Yesterday, I had a nice long Zoom chat with an old friend.
I know this is nothing remarkable these days, but it was the first time my friend, Andrew, had used Zoom and I was frankly a little surprised.
Andrew isn’t on Facebook. “It’s none of anyone’s business what I’m up to!” he tells me.
I don’t think Andrew is “up to” all that much, but he takes a particularly fierce view on privacy. He won’t buy groceries with his credit card if they are going to track what he buys.
“Why would you care if someone knows how much broccoli you’re buying?” I ask. “Maybe they’ll give you a coupon.”
“It’s none of their darned business how much broccoli I’m buying!” Andrew tells me.
He still has the same email account he’s had since the ’90s. He still has the same telephone answering machine. He recently got a cell phone, but he doesn’t text. Andrew answers emails, but they take about as long as standard first-class mail to arrive and get a response. Still, it’s all worth it because he is a good friend and he always has a lot of interesting things to say — once I get ahold of him.
Like nearly everyone else, Andrew has been a little lonely. He lives alone and his work doesn’t involve much human interaction. I usually see Andrew a couple of times a year when we go to visit my family. But that hasn’t happened this year and it doesn’t look like it’s going to happen for a while.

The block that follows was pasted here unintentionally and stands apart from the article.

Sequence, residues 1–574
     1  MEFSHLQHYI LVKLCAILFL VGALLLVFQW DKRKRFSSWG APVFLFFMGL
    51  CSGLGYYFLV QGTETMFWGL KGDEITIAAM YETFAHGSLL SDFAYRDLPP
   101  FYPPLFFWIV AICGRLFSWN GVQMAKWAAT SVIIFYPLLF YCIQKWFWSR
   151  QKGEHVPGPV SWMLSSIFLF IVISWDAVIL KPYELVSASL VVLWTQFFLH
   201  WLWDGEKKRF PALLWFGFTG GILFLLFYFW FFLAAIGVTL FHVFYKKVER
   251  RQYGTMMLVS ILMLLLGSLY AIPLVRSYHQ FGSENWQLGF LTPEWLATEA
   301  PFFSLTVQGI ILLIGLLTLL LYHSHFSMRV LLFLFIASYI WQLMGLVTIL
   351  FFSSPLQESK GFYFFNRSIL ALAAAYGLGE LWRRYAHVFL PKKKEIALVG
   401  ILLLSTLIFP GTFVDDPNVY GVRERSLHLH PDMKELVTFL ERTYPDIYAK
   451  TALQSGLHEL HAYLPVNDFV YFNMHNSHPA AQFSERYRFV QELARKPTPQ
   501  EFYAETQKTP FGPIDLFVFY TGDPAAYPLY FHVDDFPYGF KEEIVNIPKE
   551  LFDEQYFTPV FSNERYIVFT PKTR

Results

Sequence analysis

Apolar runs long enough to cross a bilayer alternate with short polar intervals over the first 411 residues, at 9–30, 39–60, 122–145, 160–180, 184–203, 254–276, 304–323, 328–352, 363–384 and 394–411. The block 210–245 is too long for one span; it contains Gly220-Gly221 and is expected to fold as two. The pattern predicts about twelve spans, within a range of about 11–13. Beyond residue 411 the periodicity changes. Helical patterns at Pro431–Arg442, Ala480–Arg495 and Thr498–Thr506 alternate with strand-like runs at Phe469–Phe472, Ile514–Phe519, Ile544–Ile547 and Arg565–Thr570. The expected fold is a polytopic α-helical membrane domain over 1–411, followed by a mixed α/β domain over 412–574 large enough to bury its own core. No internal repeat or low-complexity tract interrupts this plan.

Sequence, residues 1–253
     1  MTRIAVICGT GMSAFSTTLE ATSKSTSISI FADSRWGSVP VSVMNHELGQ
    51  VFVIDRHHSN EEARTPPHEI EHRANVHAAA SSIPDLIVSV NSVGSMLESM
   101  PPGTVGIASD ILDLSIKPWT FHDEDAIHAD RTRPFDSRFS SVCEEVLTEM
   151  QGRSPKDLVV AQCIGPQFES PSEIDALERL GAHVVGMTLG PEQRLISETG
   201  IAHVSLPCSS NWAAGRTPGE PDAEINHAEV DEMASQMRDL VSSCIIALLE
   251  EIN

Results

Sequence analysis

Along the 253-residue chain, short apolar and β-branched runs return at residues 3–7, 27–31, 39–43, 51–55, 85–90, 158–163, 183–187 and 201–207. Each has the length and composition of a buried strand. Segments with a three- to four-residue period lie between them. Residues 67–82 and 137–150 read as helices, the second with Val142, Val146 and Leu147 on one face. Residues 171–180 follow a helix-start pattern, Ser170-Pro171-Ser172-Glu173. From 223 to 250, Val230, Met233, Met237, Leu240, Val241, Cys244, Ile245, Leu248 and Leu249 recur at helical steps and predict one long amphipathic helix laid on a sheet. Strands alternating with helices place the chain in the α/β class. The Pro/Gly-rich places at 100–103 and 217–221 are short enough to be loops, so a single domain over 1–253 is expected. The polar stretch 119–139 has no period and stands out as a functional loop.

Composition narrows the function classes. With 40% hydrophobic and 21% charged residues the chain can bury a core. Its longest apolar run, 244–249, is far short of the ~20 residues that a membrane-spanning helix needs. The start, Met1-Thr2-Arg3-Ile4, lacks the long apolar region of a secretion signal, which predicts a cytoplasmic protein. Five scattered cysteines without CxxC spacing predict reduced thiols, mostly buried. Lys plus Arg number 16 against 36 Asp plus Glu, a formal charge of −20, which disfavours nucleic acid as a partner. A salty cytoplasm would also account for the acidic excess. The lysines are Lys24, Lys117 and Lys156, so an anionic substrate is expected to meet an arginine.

I was contacted by a mutual friend of ours on Facebook about having a Zoom chat with a bunch of high school buddies. I told him that would be fun and he should invite Andrew — by email, of course. Andrew thought that sounded great and we decided to try out this Zoom thing in advance. That turned out to be a good idea.
Andrew didn’t use his real name (of course) so, for a time, I was looking at a blank screen that said, “GREAT.” But then he got the video working and he appeared in front of his bright kitchen window.
“Unmute,” I messaged him. He did. I still heard nothing. I called him on the phone. “I can’t hear you,” I told him. Then added, “Your hair is really short.”
“I cut it myself.”
“Well, your mic isn’t working.”
“I know I’ve used this microphone before!”
“Let’s see it.” Andrew waved the headset and microphone in front of the camera.
“Andrew, that is a really old headset.”
“It is not old!”
“Yup,” I told him, “that’s a collectible. I think maybe you should call up the folks at Antiques Roadshow. I bet they’d be interested.”
“Ha, ha!” Andrew said. After several more tries he reluctantly admitted that the ancient microphone might not connect to his current computer.
“I guess I’ll need a new microphone,” he grumbled. “But we can still talk on the phone.”
And we did. We put our phones on speaker and we looked at one another in our monitors and we talked for a long time. I realized, once again and with force, how essential this connection is. It was so good to see my old friend’s face — even if his camera was a little fuzzy, even if the light was shining rather brightly behind his closely shorn head.
“Oh my gosh! I’ve got to go,” I said, when I realized how long we’d been talking.
“We should do this again.” Andrew said.
“Yes!” I agreed.
We definitely need to do this again.
Till next time,
Carrie Carrie Classon’s memoir is called, “Blue Yarn.” Learn more at CarrieClasson.com.